John Fitzgerald Kennedy, thirty-fifth President of the United States, was assassinated 48 years ago on this date. My memory of that day, of the following weekend, is clearer than my recall of yesterday’s lunch.
Some small part of this phenomenon might be benign senile forgetfulness [jokes and insults at my expense expected, and welcomed]. But CRAFT syndrome, as it’s commonly known, explains, if anything, only the second half of the comparison. The vivid immediacy of November 22, 1963 in my mind’s eye is something else entirely.
For Americans of my age group (I was 13 at the time), the shocking murder of JFK is the seminal moment of our lives. That day irrevocably altered the way the world worked for us. In my opinion, every single one of the 17,532 days since then exists on the continuum that began that afternoon. What Pearl Harbor was for my parents’ generation, what 9/11 probably represents for more recent generations, 11/22/1963 was the “where were you when … ?” moment for me and my fellow Baby Boomers.
For the record, where I was was Heritage Junior High School in Cherry Hill, New Jersey. Along with the other members of the school band, I had just returned from outdoor practice — we were going to play at the next day’s high school football game, a contest that never happened — and was stowing my instrument when the principal informed us of the shooting over the PA system. The news was too much to process immediately, so we mostly sat in stunned silence. The school was on the far side of the township from my home, but I have no real memory of the long ride home with a passel of fellow adolescents in that yellow school bus. I do remember the weekend, as the whole family stared endlessly at the TV news reports. We watched the lying-in-state at the Capitol. We watched Jack Ruby kill Lee Harvey Oswald on Sunday. We watched the state funeral on Monday. We were in shock throughout.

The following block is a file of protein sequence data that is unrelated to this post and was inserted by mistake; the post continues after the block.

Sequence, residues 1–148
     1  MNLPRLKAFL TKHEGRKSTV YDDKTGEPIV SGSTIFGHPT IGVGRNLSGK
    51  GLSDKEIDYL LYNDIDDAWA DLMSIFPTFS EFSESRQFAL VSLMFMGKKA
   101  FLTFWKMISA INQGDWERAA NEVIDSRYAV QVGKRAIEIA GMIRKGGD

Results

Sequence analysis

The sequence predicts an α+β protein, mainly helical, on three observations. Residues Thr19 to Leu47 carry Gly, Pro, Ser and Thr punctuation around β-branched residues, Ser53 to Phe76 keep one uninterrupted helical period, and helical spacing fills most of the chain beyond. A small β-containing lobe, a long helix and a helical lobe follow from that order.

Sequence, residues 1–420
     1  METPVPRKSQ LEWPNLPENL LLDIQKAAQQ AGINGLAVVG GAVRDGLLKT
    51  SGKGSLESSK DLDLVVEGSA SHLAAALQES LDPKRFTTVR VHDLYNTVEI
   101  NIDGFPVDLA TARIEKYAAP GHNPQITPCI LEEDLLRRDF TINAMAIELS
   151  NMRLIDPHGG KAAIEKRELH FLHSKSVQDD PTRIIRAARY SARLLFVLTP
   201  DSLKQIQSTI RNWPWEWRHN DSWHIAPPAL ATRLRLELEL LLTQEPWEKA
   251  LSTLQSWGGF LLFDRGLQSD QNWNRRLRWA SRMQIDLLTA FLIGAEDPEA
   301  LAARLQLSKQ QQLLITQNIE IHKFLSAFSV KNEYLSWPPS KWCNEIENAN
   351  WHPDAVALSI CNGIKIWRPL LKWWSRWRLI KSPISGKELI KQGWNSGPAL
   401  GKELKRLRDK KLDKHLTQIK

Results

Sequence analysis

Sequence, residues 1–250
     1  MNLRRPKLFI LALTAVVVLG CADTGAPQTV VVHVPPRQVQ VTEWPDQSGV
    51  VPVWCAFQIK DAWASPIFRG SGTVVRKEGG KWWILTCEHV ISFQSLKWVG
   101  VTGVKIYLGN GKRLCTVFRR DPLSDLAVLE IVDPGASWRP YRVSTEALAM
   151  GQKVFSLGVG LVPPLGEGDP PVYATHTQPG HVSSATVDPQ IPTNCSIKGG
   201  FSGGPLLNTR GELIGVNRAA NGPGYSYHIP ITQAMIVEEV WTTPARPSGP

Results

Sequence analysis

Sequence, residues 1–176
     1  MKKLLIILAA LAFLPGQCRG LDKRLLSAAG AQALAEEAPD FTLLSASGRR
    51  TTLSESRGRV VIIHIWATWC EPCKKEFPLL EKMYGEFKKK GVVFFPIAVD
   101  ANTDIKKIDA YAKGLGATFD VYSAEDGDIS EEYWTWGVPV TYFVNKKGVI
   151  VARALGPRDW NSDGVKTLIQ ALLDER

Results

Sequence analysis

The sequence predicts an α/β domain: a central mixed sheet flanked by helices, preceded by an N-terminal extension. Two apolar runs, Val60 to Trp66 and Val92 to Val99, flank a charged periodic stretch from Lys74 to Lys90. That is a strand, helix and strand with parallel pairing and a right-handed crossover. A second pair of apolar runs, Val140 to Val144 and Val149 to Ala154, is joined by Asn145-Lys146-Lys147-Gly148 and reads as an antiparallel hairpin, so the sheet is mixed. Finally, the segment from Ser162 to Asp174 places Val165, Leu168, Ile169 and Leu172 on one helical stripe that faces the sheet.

We had made plans to spend Thanksgiving with relatives in the DC suburbs that year. It was a very somber holiday indeed. While there, we went to Arlington Cemetery to pay our respects to the President. On a bright, cold, and windy afternoon, we joined a long line of our fellow Americans, shuffling slowly and silently (except for the sobs) past the freshly-dug gravesite. It was so soon after the event that we had to carefully step over the eternal flame’s gas line, which had not yet been buried.
Over the years, I’ve written a number of November 22 essays on my blog, Peace Tree Farm. In addition to a version of the 2008 DailyKos diary linked above, they are: Forty years (2003), The end of the innocence (2004), and 43 … and 46 (2006).
For me, the death of JFK marks the day on which “The Sixties” began. The idea of a counterculture was inconceivable on November 21, all but inevitable on November 23. We can argue about when The Sixties ended (probably somewhere between the 1972 election and the first Rolling Stone article about disco, in September 1973), but I think it would be a real reach to put their birth anywhere other than the Kennedy assassination.